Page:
Posted at 11:14 p.m., Feb. 4, 2015

Funding model bill runs into roadblock

Laramie County Community College’s president said during the Feb. 4 Board of Trustees meeting said House Bill 118 regarding the community college funding  model changes flew through the House Education Committee but then it turned on a dime.

After the bill then passed the House Appropriation Committee, Dr. Joe Schaffer said an amendment on the House floor changed the measure altogether. Rep. Bob Nicholas, R-Laramie, brought forward an amendment that passed on a 29-24 vote on first reading. The amendment essentially requested an additional study be conducted on the funding model. Nicholas also requested a statewide mill levy for community colleges be studied, he said.

In previous years two blue ribbon task forces have already studied the funding model to create stability in the college funding model.

“It can be incredibly frustrating when we have to look internally at what we cut so we can invest in what we need,” Schaffer said.

Schaffer said the seven community colleges had not asked for supplemental budget this year but had opted for the Legislature to work on a new funding model. Schaffer said he hoped lawmakers can return to the original core purpose of HB 118.

Guns in schools measure moves to Senate

Bill 114 has passed the House, and if it passes Senate, it will allow individuals to carry concealed weapons on school property and campuses.

Trustee Don Erickson said the Wyoming Association of Community College Trustees had unanimously voted not to support the bill.
Erickson said there were two main concerns. The first was the lack of ability to identify individuals with concealed weapons permits, who must show proficiency in order to obtain that permit. The second concern was lack of local control by school and college boards of trustees.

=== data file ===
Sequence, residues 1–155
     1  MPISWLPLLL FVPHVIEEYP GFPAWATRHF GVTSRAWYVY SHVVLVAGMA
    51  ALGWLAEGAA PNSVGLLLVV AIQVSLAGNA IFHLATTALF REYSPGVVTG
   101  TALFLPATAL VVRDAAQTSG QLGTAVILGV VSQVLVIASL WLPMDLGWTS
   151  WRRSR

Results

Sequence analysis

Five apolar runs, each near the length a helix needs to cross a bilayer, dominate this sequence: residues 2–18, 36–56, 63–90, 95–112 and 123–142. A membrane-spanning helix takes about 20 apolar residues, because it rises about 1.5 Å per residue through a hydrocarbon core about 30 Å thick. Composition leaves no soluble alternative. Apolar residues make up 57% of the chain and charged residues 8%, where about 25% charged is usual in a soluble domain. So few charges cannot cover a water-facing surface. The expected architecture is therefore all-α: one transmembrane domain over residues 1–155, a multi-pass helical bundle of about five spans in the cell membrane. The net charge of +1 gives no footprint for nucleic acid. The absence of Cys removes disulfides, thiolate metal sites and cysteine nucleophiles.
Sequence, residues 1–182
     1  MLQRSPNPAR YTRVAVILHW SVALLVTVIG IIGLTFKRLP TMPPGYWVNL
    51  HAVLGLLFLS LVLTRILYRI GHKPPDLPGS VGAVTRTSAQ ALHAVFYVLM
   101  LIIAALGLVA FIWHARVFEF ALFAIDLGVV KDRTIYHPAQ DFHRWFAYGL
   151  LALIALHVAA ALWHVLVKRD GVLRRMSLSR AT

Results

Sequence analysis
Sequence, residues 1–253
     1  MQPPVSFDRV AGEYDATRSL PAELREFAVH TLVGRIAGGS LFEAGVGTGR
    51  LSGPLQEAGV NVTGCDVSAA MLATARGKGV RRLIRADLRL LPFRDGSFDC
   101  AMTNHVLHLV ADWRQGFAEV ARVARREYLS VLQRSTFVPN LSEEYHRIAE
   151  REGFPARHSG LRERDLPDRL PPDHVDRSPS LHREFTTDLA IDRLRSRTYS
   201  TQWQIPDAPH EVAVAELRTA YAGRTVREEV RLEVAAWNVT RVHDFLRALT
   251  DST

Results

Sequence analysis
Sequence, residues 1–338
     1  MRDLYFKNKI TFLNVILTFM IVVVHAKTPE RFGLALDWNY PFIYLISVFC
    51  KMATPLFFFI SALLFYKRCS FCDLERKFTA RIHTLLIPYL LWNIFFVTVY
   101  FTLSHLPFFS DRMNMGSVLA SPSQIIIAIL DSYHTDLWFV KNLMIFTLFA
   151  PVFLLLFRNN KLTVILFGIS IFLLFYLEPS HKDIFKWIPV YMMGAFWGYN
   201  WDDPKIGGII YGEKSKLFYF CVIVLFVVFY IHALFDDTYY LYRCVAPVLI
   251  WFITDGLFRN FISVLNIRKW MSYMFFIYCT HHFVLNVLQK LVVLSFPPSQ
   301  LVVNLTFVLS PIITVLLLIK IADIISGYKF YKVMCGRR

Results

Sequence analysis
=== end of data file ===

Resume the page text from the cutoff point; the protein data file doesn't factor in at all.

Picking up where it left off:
The board plans to communicate to the Senate its disapproval of the bill, and LCCC Board Chairman Ed Mosher encouraged the trustees to contact their representatives and voice their concerns as well.

Erickson said they recognize the second amendment, “but there are times constraints are necessary.” If the legislation constrains weapons in a courtroom, Erickson said schools should be a good example of when to show constraint as well.

An additional concern mentioned by Trustee Brenda Lyttle was insurance companies could increase schools’ premiums if guns were allowed on campuses and school property.

However, Schaffer said he had spoken with LCCC’s insurance companies, and they did not think the passage of this bill would have an impact on premiums.

“But it only takes one or two situations to drive up that premium,” Schaffer said.

When asked for the Student Government Association’s opinion on the bill, student ex officio member Keenan Carroll said that “SGA has not discussed the issue.”

No matching endowment funds this year

Finally, President Schaffer expressed disappointment that the Legislature had not approved a measure to reinstitute the endowment matching fund program. The colleges had requested $25 million so that their foundations could raise private donations to be matched dollar for dollar with state money. Instead the Joint Appropriations Committee earmarked $20 million for fiscal year 2017. Schaffer said some confusion exists about whether this endowment money could be used only for donations directed toward STEM (Science, Technical, Engineering, Mathematics) activities.

LCCC Board of Trustees

Board of Trustees
Feb. 4, 2015 Agenda

2015 General Session
63rd Legislature
House Bills/Senate Files Index